Chimney Flue Liners:
Metal liners are used to vent appliances through existing masonry
chimneys. The type and compound of metal is determined by the fuel.
Liners can be rigid or flex, insulated or not, depending on the chimney
itself, and the appliance requirements. The size of the liner is determined by the appliance, you can
not change the size of the vent (For example a wood stove with an 8"
outlet cannot be vented through a 6" liner. However it is often necessary to downsize an oil liner.)
The most common reason for using a liner is when venting a fireplace
insert or hearth stove. According to National Fire Code, which is NH Fire Codes, most fireplace flues are too large to properly vent an
insert or hearth stove, leading to creosote buildup and chimney fires. A pipe that goes
through the damper and up a few feet into the chimney, then stops, is
not a properly lined chimney, is not an NFPA 211 legal installation, and hasn't been since 1987.
Any new installation must conform to current codes, this includes
changing out of similar appliances (installing a modern wood stove to
replace an old one for example). Old installations should be upgraded
to meet current standards for safety reasons. This applies to oil flues
as well, modern oil furnaces produce a much more corrosive exhaust which
can really damage clay flue tiles. Remember the fire codes are written
in hindsight, they study what caused chimney and home fires and write
the codes to prevent those occurrences. So if something is "against
code" that means that it is known to cause fires and/or burn down
houses. You never want to go against fire code, or hire someone to do an
installation who doesn't know and follow the fire codes. In addition,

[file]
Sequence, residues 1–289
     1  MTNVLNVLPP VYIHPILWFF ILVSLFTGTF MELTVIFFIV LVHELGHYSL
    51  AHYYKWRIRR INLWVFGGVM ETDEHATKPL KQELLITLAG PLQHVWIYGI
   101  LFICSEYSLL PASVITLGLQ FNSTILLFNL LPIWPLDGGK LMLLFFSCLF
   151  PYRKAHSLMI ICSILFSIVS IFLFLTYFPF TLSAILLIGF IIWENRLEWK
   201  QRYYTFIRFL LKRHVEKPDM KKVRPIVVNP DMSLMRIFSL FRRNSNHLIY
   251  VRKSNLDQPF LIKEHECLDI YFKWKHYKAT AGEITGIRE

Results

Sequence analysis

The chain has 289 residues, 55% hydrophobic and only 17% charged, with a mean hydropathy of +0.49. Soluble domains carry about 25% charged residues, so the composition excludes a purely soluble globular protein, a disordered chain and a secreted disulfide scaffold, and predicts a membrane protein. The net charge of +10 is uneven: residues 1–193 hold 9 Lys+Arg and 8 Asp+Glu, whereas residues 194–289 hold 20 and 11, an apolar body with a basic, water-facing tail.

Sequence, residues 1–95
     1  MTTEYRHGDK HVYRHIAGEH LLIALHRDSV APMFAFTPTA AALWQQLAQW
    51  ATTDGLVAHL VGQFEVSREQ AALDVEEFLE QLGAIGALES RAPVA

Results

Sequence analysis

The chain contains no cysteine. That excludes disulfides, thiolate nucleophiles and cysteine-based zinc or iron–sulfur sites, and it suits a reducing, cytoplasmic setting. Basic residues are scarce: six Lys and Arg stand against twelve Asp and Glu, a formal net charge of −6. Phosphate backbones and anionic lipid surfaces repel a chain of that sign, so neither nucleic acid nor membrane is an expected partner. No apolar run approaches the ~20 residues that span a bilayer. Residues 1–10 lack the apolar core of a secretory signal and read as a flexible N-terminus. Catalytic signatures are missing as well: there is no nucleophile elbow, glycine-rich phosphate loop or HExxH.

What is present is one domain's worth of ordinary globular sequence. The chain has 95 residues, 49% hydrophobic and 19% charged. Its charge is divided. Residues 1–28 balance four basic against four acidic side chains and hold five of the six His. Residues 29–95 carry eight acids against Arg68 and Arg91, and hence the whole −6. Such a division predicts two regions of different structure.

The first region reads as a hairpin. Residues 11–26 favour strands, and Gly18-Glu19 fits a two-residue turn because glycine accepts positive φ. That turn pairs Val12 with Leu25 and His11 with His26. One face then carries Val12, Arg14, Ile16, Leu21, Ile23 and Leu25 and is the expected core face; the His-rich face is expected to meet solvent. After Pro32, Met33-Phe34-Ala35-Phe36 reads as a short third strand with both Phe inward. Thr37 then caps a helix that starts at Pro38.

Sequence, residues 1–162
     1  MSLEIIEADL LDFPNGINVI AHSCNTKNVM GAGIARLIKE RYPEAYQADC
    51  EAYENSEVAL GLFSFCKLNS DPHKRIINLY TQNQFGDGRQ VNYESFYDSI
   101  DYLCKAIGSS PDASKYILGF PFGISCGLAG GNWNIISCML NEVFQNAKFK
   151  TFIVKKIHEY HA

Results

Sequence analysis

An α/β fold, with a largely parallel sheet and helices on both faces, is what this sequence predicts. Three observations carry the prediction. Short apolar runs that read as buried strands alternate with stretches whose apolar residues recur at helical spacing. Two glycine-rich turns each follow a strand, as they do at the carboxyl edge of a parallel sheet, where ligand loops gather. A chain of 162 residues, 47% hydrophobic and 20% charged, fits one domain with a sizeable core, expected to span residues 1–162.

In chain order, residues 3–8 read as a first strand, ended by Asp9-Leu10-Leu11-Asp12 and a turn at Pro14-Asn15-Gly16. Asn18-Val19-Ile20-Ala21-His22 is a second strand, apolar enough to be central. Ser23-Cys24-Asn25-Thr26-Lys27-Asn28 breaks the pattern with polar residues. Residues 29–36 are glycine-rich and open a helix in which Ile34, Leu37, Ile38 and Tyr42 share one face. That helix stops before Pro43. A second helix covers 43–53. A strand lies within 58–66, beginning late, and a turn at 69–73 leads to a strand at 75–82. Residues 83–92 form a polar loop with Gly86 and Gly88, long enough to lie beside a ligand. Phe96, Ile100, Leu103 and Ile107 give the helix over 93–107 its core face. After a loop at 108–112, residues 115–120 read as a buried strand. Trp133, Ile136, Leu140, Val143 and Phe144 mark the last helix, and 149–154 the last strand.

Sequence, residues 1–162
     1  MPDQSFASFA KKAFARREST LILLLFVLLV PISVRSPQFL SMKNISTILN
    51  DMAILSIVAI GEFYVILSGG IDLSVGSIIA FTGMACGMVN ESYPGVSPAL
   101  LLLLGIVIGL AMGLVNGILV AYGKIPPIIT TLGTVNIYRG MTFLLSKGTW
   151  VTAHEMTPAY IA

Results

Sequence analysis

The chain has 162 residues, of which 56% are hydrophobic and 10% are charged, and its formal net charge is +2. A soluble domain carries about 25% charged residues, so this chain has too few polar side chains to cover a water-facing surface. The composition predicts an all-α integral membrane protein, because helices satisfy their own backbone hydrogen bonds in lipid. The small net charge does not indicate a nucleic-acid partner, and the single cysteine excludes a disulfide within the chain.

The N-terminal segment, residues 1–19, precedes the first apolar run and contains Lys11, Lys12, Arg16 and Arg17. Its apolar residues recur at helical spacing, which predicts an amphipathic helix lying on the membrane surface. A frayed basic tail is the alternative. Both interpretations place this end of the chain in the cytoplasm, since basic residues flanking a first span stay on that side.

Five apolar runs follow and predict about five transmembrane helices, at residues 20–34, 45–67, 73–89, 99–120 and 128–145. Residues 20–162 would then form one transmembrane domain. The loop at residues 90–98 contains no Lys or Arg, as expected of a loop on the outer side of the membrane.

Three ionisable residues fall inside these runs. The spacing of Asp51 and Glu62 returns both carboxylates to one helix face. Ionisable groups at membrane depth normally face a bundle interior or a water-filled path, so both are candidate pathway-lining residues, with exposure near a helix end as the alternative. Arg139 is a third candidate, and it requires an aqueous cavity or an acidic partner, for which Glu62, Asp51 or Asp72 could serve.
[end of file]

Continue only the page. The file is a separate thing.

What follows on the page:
your insurance company does not have to cover any damages caused by a
non code installation.
A properly lined chimney is safer and functions better. Metal Chimneys are not chimney
liners but a separate unit with different requirements. Stove pipe can not be used as a chimney or chimney liner. It is only used to connect the stove to the venting.
We will not used poured liners due to their high failure rate. (see Bad Ideas Gallery and Inspections for pictures)
Poured liners are porous, so they absorb the acidic
condensate in flue gases and deteriorate. Also the industry discovered 20 years
ago that with modern appliances, which throw less heat into the flue, that low
thermal mass flues work better. Poured liners have a large thermal mass
that has to be heated up for the chimney to function correctly.
Once you put a poured liner in a chimney when it fails
removal usually requires the complete demolition of the chimney. If a metal
liner fails (which is very infrequent) it can usually be easily removed and
have also seen a large number of poured liners that have failed. Our
opinion is based on decades of experience and thermal science.
Spray on "sealants" are just that, a thin coat of sealer that is not a chimney liner.